In Europe, a lively scientific debate has emerged about the role of norms in the European foreign policy. One aspect of this debate is norms related to human rights, labour rights and environmental standards in European trade policy. In this article, the normative dimension of EU's trade policy will be analysed in comparison with the US by using the concept of normative power. By classifying the trade approaches of the EU and the United States, we question the hypothesis of Europe's normative power and ask whether the EU is a unique normative actor in world politics.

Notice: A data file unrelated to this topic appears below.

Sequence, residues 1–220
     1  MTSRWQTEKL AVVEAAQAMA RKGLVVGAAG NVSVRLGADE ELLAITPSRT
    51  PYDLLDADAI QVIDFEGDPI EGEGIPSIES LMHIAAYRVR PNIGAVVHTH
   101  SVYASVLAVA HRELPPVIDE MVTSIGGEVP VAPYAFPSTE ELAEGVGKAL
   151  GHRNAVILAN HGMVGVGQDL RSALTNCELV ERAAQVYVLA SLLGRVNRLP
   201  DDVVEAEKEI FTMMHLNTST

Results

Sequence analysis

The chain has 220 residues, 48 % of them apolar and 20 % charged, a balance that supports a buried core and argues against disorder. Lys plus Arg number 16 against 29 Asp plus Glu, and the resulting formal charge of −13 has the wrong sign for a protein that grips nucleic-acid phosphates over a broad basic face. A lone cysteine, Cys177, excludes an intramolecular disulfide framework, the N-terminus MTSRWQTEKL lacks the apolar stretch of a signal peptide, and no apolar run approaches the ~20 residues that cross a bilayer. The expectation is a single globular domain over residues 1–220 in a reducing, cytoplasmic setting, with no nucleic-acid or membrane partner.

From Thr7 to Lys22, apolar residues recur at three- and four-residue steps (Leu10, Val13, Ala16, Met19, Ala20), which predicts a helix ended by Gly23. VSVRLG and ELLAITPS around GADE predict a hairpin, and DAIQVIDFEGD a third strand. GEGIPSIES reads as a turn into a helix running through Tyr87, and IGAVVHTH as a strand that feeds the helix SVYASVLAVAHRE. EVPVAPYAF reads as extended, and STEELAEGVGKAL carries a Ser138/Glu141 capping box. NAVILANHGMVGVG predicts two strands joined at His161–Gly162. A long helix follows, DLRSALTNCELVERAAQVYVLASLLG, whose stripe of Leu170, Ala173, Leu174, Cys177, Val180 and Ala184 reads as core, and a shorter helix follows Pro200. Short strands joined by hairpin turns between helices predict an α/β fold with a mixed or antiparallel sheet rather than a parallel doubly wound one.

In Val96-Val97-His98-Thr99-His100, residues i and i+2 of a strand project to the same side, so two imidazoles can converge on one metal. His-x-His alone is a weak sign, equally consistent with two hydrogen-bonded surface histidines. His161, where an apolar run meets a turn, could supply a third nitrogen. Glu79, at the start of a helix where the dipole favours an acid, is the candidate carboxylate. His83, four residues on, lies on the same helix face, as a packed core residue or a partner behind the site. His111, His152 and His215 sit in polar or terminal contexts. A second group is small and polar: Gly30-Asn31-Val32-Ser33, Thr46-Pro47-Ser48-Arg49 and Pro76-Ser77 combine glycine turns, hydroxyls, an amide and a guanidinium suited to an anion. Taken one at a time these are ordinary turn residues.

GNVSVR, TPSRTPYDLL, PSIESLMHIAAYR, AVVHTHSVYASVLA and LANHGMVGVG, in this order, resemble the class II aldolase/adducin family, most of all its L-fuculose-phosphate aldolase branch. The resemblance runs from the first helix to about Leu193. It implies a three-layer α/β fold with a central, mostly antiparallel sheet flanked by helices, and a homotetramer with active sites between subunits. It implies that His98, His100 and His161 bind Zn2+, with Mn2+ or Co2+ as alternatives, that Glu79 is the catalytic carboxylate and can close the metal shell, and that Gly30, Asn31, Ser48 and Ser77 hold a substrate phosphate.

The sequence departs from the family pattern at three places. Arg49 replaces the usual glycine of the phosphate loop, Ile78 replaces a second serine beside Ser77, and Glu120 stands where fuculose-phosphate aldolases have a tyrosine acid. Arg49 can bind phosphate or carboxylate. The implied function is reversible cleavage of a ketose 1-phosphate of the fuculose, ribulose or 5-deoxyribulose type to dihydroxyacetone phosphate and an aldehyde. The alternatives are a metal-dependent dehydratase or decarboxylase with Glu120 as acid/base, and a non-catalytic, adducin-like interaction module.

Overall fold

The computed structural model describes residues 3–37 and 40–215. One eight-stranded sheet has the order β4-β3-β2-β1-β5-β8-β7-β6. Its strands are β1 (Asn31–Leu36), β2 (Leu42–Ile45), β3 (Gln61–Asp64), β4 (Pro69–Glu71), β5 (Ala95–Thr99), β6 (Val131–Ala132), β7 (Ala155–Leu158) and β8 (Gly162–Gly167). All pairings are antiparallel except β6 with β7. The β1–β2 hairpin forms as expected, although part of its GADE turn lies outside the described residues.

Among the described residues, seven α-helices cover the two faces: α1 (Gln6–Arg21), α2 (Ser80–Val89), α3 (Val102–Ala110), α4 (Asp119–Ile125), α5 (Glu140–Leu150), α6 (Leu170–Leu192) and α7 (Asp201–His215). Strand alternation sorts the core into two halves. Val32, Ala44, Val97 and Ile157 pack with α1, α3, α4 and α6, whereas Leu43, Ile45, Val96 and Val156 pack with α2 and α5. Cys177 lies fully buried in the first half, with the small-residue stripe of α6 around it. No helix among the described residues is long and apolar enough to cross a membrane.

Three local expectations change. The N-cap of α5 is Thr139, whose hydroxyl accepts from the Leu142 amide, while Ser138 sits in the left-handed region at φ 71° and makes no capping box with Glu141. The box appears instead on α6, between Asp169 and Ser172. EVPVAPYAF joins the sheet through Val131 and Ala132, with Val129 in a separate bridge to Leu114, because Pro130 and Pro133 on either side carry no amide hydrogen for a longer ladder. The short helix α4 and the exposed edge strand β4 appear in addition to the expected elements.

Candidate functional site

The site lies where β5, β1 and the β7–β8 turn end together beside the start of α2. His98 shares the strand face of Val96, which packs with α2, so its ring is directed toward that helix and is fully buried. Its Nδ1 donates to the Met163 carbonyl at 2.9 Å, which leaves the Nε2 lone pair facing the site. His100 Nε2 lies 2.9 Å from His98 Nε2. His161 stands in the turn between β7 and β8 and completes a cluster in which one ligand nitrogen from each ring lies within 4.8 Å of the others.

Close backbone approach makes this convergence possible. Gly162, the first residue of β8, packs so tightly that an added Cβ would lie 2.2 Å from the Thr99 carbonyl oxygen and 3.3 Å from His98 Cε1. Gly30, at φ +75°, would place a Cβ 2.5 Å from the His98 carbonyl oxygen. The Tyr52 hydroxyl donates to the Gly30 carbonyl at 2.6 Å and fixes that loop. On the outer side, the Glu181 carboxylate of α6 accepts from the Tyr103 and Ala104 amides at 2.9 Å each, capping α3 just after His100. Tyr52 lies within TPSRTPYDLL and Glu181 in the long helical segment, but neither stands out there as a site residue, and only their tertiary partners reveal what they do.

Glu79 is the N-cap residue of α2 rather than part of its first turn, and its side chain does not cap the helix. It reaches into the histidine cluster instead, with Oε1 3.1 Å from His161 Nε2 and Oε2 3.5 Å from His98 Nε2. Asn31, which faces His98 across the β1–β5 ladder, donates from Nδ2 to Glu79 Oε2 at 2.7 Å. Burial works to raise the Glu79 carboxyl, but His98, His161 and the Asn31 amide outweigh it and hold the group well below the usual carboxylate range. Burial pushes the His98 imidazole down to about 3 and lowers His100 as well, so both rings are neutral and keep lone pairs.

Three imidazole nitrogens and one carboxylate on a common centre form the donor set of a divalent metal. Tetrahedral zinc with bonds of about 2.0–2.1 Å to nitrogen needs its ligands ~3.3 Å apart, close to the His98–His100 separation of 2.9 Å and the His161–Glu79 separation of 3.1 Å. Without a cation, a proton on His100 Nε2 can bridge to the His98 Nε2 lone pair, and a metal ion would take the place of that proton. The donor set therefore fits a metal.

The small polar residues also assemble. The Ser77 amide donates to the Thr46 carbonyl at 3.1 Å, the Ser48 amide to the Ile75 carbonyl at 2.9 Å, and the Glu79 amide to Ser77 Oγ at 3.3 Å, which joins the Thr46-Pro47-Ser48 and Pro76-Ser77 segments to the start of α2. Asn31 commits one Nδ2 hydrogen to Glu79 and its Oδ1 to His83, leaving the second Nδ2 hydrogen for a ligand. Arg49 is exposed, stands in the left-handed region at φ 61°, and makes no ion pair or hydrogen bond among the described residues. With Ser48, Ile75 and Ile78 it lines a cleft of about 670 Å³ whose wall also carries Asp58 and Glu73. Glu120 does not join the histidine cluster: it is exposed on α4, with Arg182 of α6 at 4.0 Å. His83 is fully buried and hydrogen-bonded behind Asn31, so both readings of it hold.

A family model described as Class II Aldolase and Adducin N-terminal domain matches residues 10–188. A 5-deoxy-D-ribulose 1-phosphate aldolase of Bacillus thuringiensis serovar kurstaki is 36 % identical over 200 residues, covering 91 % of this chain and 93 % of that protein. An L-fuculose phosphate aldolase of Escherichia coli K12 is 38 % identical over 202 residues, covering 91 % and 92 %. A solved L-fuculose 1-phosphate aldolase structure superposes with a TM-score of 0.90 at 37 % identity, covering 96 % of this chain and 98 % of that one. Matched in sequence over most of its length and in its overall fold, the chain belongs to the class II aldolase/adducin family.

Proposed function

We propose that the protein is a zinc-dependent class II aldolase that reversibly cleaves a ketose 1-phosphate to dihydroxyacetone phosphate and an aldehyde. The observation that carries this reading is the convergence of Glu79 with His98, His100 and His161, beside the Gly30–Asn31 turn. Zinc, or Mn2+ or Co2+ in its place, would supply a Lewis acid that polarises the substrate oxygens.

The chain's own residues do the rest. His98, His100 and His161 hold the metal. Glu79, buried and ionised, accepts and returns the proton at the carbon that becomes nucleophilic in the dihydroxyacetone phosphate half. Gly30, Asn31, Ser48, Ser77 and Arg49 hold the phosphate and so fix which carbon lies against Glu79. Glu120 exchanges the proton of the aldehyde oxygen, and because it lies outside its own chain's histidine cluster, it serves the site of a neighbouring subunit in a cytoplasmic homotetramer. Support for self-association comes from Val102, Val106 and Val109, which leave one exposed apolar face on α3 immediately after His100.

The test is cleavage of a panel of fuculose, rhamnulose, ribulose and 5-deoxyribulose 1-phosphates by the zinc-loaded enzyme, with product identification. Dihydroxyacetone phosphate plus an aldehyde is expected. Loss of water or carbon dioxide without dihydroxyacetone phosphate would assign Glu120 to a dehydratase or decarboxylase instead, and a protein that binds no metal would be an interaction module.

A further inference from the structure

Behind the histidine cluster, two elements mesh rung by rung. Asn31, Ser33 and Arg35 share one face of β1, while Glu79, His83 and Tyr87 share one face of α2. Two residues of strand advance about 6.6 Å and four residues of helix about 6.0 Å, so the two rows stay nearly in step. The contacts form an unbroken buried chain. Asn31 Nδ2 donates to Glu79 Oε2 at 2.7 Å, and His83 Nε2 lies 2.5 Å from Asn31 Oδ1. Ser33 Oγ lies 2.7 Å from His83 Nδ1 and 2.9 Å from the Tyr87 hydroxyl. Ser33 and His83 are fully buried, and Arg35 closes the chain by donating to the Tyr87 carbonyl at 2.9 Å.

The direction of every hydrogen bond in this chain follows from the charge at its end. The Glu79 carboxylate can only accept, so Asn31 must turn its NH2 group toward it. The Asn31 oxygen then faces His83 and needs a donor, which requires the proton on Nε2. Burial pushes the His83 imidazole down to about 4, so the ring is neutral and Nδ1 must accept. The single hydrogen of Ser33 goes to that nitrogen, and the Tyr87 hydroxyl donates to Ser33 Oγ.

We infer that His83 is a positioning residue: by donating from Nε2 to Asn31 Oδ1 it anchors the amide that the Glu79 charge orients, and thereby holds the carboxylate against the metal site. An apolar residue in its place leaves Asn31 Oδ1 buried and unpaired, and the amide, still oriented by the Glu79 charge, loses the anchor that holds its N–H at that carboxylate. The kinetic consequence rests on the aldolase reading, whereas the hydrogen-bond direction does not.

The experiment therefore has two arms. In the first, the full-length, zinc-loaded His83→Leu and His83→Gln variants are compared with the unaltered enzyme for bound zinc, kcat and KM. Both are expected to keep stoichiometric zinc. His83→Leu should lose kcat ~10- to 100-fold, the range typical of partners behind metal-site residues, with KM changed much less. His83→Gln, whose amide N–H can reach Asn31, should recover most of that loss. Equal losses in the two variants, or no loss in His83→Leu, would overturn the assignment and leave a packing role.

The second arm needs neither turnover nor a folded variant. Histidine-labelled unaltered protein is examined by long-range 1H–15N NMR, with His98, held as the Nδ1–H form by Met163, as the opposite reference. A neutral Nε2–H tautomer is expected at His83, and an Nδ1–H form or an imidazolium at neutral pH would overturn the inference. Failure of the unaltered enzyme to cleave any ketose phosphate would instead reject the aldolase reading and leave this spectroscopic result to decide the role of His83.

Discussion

In the second section, normative power will be defined in demarcation to concepts of great power, empire and hegemon. In the third section, this theoretical differentiation will be used for the empirical classification of the European and American trade approaches. First, the self-proclamation of the EU and the US related to human rights, labour standards and environmental standards in trade policy will be analysed. Then trade approaches of the EU and the US will be measured in accordance to their self-proclamation by analysing the trade policy in three dimensions: negotiations, agreements and implementation. The trade agreements of the EU and the US with Chile and Mexico serve here as case studies.European Foreign Affairs Review